July 8, 2014 in Business

GM ignition switch woes triggered by effort at improvement

Tom Krisher Associated Press
 

DETROIT – General Motors’ deadly ignition switch flaws emerged from an effort to improve its cars.

As the company began developing new small cars in the late 1990s, it listened to customers who complained about “cheap-feeling” switches that required too much effort to turn and set about making switches that would work more smoothly and give drivers the impression that they were better designed, GM switch engineer Ray DeGiorgio testified in a lawsuit deposition in spring 2013.

The switches, though, were too loose, touching off events that led to at least 13 deaths, more than 50 crashes and a raft of legal trouble for the Detroit automaker.

Former U.S. Attorney Anton Valukas, hired by GM in March to investigate the switch problems, told a congressional subcommittee last month that GM wanted each small-car ignition to “feel like it was a European sports car or something.”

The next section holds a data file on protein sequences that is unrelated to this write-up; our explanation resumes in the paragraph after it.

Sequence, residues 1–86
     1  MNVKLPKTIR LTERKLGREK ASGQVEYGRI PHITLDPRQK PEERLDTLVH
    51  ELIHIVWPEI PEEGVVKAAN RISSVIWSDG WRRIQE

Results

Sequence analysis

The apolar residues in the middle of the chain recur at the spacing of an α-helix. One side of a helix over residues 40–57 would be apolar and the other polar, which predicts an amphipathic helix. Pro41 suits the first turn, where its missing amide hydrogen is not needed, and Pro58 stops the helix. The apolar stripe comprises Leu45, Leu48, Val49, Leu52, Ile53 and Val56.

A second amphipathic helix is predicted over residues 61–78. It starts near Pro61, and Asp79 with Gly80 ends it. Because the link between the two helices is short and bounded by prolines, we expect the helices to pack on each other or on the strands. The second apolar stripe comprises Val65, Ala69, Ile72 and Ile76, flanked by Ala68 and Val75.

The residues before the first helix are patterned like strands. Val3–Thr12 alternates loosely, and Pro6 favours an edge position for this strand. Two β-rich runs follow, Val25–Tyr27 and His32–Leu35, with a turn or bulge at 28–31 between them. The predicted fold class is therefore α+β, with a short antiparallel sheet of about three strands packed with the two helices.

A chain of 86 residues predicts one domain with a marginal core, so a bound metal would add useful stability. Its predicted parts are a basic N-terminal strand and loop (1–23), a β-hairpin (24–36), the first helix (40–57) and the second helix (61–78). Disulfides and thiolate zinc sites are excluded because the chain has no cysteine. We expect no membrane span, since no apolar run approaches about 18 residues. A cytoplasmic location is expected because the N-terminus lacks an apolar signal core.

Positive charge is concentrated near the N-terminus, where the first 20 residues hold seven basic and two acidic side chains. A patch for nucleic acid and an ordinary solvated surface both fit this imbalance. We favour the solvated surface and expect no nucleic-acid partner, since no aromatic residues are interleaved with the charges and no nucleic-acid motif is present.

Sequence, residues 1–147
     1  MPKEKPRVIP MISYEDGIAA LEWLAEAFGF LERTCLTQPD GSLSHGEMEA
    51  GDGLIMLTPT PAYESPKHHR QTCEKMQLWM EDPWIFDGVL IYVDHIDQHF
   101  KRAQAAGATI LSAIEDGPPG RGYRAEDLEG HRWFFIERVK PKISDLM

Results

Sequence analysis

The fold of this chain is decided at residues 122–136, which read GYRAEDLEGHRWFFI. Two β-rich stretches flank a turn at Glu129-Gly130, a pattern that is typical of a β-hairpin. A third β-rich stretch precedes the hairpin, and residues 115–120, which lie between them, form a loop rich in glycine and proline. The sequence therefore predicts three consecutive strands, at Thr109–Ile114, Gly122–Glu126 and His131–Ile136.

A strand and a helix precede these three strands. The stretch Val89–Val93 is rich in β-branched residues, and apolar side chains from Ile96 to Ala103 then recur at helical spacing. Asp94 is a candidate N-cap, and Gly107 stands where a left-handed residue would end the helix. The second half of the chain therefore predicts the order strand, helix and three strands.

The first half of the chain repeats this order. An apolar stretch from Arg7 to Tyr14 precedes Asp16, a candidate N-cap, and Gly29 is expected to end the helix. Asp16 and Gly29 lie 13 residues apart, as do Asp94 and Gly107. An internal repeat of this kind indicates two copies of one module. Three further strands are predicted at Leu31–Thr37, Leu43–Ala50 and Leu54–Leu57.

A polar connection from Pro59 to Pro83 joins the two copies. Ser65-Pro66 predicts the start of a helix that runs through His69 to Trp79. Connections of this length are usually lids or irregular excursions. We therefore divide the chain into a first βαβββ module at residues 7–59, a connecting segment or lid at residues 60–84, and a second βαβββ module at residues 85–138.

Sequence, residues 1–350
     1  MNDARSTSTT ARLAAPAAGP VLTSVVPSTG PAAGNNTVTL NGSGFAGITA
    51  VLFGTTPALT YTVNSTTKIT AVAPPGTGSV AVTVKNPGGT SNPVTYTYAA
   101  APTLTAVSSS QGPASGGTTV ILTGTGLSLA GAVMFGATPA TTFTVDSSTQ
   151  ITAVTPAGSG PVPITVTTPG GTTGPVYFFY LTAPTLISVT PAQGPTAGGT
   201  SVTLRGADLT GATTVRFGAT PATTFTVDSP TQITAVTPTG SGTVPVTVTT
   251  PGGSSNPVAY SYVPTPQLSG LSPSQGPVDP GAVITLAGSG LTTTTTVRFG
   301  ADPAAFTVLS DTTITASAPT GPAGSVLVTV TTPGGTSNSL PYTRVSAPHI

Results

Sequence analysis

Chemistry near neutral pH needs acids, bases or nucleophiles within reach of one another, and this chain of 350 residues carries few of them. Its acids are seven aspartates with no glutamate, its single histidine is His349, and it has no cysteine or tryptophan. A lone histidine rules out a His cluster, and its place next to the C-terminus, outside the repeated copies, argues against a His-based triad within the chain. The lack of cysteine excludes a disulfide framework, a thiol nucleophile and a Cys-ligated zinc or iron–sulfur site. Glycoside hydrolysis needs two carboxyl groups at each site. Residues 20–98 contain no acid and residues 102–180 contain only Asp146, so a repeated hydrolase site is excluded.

But as it turned out, the new switches in models such as the Chevrolet Cobalt and Saturn Ion can unexpectedly slip from “run” to “accessory,” causing engines to stall. That shuts off the power steering, making cars harder to control, and disables air bags in crashes.

The problem led GM to recall 2.6 million small cars in February and has touched off federal investigations and prodded GM to review other safety issues, leading to 54 recalls this year covering 29 million vehicles.

In a wrongful death case in Georgia, DeGiorgio testified that he started out trying to make the switches easier to turn. But from the beginning he was consumed by electrical issues in the switch, not its mechanical parts.

When the switch supplier, Delphi, pointed out tests showing the switches turned too easily, DeGiorgio told Delphi not to change them because he was concerned mechanical alterations would harm the switch’s electrical performance, according to Valukas.

In the end, DeGiorgio approved switches that were far below GM’s specifications for the force required to turn them. The result was a smooth-turning key, but also one that could slip out of position. Several years later, DeGiorgio signed off on a design change that fixed the problem, but he didn’t change the part number, which stymied later attempts to figure out what was wrong with the cars.

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